Lane watch: No fooling about rising wholesale values
You might have seen plenty of spoof posts on social media about various topics in connection with April Fool’s Day.
But Black Book emphasized the wholesale value gains seen during the week that closed on April 1 certainly are not a joke.
According to the latest installment of Market Insights, wholesale prices rose another 0.51%, as 19 of the 22 total vehicle segments tracked by analysts moved higher.
“The market had another week of larger-than-typical gains,” Black Book said in the newest report. “Compact and full-size vans and prestige luxury cars continue to decline, but the rate of decline is lessening each week.”
On a volume-weighted basis, Black Book said overall car segment values increased 0.62% last week; almost the same rate as a week earlier when they rose 0.61%.
Analysts indicated compact cars generated the largest value gain last week, climbing another 0.90%, which was consistent with the prior week’s increase of 0.88%.
Black Book pointed out that prestige luxury cars posted a price decline for the 43rd consecutive week, but it was just 0.03%. Analysts said it was the lowest decline for the specific segment since June.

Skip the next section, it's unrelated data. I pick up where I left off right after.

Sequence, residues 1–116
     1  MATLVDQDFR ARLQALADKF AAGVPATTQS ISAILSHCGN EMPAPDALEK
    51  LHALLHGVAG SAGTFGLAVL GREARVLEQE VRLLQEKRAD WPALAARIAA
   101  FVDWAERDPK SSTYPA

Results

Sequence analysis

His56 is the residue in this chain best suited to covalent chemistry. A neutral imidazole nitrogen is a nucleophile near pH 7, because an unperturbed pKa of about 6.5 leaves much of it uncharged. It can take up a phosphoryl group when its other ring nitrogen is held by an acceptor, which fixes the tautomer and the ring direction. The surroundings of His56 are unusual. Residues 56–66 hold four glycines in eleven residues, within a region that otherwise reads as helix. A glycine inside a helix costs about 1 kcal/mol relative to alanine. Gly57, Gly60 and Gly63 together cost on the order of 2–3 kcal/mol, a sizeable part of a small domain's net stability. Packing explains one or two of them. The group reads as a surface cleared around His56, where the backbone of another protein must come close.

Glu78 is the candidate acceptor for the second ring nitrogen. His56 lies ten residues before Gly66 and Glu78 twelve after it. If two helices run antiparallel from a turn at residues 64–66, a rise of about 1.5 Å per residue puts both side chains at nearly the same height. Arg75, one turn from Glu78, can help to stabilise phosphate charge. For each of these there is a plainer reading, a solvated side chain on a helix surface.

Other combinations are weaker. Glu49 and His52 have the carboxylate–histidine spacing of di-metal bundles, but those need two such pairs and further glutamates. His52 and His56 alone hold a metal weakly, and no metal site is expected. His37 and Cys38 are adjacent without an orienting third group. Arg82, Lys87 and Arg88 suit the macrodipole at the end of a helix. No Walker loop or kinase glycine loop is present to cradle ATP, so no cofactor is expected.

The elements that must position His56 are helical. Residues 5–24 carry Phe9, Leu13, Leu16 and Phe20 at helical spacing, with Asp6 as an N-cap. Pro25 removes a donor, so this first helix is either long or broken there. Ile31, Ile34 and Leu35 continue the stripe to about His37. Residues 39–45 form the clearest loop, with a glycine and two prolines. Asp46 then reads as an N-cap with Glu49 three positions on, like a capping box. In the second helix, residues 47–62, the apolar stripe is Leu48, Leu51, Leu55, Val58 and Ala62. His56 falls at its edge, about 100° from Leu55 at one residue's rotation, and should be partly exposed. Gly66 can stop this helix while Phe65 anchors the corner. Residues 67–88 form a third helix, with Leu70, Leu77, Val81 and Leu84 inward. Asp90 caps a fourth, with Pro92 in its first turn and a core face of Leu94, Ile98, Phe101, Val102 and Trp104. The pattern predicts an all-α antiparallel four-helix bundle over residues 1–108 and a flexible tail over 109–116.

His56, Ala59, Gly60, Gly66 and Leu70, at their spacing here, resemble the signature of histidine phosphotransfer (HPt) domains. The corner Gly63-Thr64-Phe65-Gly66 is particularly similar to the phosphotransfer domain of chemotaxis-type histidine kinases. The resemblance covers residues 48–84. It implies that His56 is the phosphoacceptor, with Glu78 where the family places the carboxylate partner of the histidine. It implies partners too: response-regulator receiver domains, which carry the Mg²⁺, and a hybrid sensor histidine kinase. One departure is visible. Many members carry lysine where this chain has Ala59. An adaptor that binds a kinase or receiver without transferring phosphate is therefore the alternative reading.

Analysts noticed that minivans continued the notable value rise, climbing another 1.31% after the prior week’s increase of 1.66%.
In the truck division, Black Book’s volume-weighted information showed overall truck values increased last week by 0.46%, which was the exact same upward pace as a week earlier.
Black Book also noted the rate of depreciation is slowing for compact vans (down 0.24%) and full-size vans (down 0.10%).
Analysts wrapped up their update by mentioning the estimated average weekly sales rate dropped slightly to 52% last week.
“We saw auction conversion rates drop slightly for the first time in seven weeks. Our analysts have been noticing more no-sales as sellers are still holding tight on floors, but wholesale prices are still continuing to move upward,” Black Book said.
“It appears that some sellers are willing to hold their vehicles longer in order to get a higher sale price,” analysts went on to say.